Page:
With the seasonal dip in temperature continuing well into British Summer time, the danger that your pipes will freeze over and burst is ever present.At their least harmful, frozen pipes can stop the flow of water in your home, while disrupting your daily routines and rendering your home uninhabitable. At their worst, frozen pipes can burst and cause extensive, and costly, damaging to your plumbing and your home.
It’s important to educate yourself on the risks, as well as some simple preemptive measures you can take to prevent your pipes from bursting.
Pipes at Most Risk
The last thing anyone wants is the stress of having to leave your home because of extensive water damage caused by burst pipes. Following preventative measures can easily reduce and eliminate the risk of it happening.
To tackle the problem, it’s important to first recognise that some pipes are more prone to freezing because of their location in the home.
The pipes most at risk are;
- Exposed pipes in unheated areas of the home, such as attics or basements
- Plumbing on the exterior of the home
- Plumbing in unattended properties
Although it seems self-evident that a garden hose is susceptible to freezing over, what is less well known is that a frozen garden hose can actually burst your interior pipes. When the water in the hose freezes, it expands, increases the pressure throughout the entire plumbing system, and forces the water out anyway it can – hence, the bursting.
Always drain your garden hose fully before the worst of the cold weather hits, and if you can, shut off the interior valve leading to that faucet.
Exposed Interior Plumbing
Pipes that are located in unheated areas of the house, such as an attic or garage, are at a huge risk of freezing over, but can easily, and inexpensively, protected by some moderate pipe insulation, or thermostatically controlled heat tape, which will turn on at certain minimum temps.
In the worst cases, it might be necessary to reroute the piping to a safer area; although, it’s always best to check with a plumber beforehand.
The plumbing in holiday and unattended homes is most at risk for frozen pipes, due to extended periods of inactivity over the winter months. The last thing you want arrive back to after a holiday is water damage and a potential 4 figure repair cost.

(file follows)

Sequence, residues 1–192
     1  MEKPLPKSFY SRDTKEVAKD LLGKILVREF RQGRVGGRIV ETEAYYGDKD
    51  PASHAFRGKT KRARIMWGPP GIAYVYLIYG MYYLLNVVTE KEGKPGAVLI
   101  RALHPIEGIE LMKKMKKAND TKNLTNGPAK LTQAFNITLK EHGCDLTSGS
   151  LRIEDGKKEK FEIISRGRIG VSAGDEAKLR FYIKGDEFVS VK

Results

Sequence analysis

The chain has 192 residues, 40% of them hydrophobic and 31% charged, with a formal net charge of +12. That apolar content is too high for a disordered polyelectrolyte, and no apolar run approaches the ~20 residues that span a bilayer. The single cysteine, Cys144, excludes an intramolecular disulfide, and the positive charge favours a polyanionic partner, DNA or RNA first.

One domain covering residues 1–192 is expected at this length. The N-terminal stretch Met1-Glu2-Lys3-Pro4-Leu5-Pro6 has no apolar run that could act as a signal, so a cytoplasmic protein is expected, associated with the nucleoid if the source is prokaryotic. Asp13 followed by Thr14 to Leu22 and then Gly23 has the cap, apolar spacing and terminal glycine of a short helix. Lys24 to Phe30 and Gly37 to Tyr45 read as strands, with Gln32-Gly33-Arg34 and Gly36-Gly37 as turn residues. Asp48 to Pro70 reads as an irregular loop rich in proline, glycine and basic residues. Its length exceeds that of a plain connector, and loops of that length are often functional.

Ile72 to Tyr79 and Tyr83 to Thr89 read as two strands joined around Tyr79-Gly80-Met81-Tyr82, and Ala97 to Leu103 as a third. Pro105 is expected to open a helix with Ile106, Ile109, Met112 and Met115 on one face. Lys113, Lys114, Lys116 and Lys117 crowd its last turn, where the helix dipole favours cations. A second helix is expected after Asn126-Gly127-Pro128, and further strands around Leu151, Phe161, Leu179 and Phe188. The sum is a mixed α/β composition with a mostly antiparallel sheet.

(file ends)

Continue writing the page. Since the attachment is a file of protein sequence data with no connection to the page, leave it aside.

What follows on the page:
However, if you’re proactive, and follow the pre-emptive procedures below, there’s no reason why you and your plumbing can’t make it through the cold months unscathed!
Preventative Measures for Frozen Pipes
Keep the Heat On
While we don’t recommend keeping the heat on as high as you’d usually have it, keeping the heat on a constant low 10 degrees should be more than enough to provide sufficient warmth to stop your plumbing from malfunctioning.
Keep Interior Doors Open
Similarly, by keeping your interior doors open, even the cupboard doors, you’re allowing the heat – however, minimal – to reach the pipes that are hidden behind walls or storage spaces.
Having annual boiler service should be an essential part of home maintenance, but it’s even more important to keep on top of your boilers health throughout the colder months. With the added strain of fighting against colder temperatures, your boiler is more likely to malfunction and improperly heat your plumbing and home.
Allow the Faucet to Drip
If you’re worried about a pipe freezing, allow your faucet to drip slightly.
Pipes burst due to the pressure created between the frozen water and the closed valve of the faucet. By opening the faucet and allowing it to drip, you’ll prevent the pressure from building and keep that water flowing.
Additionally, you can add insulation to walls and ceilings to keep the pipes warm.
If you suspect that your pipes may be frozen, it’s important to act quickly, and call your local plumber. Although thawing the pipes yourself is possible, it can be pretty risky and if plumbing isn’t your forte, you could end up making the problem a lot worse.
Article Submitted By Community Writer